On Tue, Feb 26, 2008 at 1:25 PM, James Britt <james.britt / gmail.com> wrote:
>  It's not that these claims are entirely untrue, it's just that, in real
>  life, most people simply do not encounter the  alleged problems.
>
>  Code that is poorly written or does not play well with others tends to
>  get discarded.

Except that I'm working in the real world, and I run into these
problems practically every day.  Read through some Rails plugin code
sometime - nearly every significant, popular Rails plugin does what it
does by re-opening classes.  Probably because this is the coding style
that Rails demonstrates and encourages.  Now we can argue about this
being a Rails problem rather than a Ruby one, but again, that's where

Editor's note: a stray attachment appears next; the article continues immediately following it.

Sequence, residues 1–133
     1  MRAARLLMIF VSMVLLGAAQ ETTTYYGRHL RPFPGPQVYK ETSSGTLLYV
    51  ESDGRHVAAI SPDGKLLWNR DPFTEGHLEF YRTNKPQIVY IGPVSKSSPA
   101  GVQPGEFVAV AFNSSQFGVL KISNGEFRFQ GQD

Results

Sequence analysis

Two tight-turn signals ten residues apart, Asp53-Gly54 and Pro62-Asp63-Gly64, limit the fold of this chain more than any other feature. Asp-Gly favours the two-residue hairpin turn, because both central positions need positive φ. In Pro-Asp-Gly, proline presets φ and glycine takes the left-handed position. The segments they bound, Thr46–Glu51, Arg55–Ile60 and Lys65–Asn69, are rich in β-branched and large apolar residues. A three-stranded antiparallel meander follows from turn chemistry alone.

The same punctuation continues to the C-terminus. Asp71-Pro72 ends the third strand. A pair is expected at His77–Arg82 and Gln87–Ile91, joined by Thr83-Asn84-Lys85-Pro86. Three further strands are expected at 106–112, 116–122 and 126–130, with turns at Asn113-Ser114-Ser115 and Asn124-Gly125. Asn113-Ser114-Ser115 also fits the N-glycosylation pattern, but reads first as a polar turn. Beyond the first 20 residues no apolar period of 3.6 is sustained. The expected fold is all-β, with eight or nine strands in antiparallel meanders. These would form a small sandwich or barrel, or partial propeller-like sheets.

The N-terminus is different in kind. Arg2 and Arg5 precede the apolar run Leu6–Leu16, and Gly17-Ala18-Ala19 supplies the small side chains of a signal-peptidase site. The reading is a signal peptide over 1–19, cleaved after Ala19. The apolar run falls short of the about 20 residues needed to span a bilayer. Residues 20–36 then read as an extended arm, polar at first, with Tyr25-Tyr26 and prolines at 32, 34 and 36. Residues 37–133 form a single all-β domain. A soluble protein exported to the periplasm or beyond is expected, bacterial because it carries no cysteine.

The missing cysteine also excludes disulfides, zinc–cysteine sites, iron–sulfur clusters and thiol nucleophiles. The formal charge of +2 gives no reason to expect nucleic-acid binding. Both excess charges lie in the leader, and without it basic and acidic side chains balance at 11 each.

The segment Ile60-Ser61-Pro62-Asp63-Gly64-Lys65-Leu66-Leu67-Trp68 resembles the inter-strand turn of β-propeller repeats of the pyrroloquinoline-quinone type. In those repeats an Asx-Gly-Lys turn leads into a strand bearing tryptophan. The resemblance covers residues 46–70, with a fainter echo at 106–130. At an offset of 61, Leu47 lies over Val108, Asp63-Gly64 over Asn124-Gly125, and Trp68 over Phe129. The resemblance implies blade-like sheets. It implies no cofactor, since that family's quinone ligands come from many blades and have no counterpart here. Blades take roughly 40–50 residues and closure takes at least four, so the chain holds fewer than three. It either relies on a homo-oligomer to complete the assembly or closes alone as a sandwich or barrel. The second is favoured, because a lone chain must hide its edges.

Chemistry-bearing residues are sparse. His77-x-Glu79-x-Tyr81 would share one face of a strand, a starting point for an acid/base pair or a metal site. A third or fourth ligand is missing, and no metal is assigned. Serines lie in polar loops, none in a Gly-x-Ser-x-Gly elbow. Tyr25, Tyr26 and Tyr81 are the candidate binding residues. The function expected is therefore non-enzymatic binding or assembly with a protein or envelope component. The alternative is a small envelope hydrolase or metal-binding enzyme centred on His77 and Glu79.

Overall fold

people are learning the language these days.

If you have the luxury of working on small projects with few
developers and the time to develop everything in-house rather than
relying on third-party gems and plugins, that's great.  But I and the
people I know *are* encountering these problems.  And in the majority
of cases, they are *completely* *avoidable*.  And there is usually
nothing about the problem that makes a monkey-patch a desirable or
even an easier way to implement the feature - it's simply done that
way because that's how everyone else is doing it.

-- 
Avdi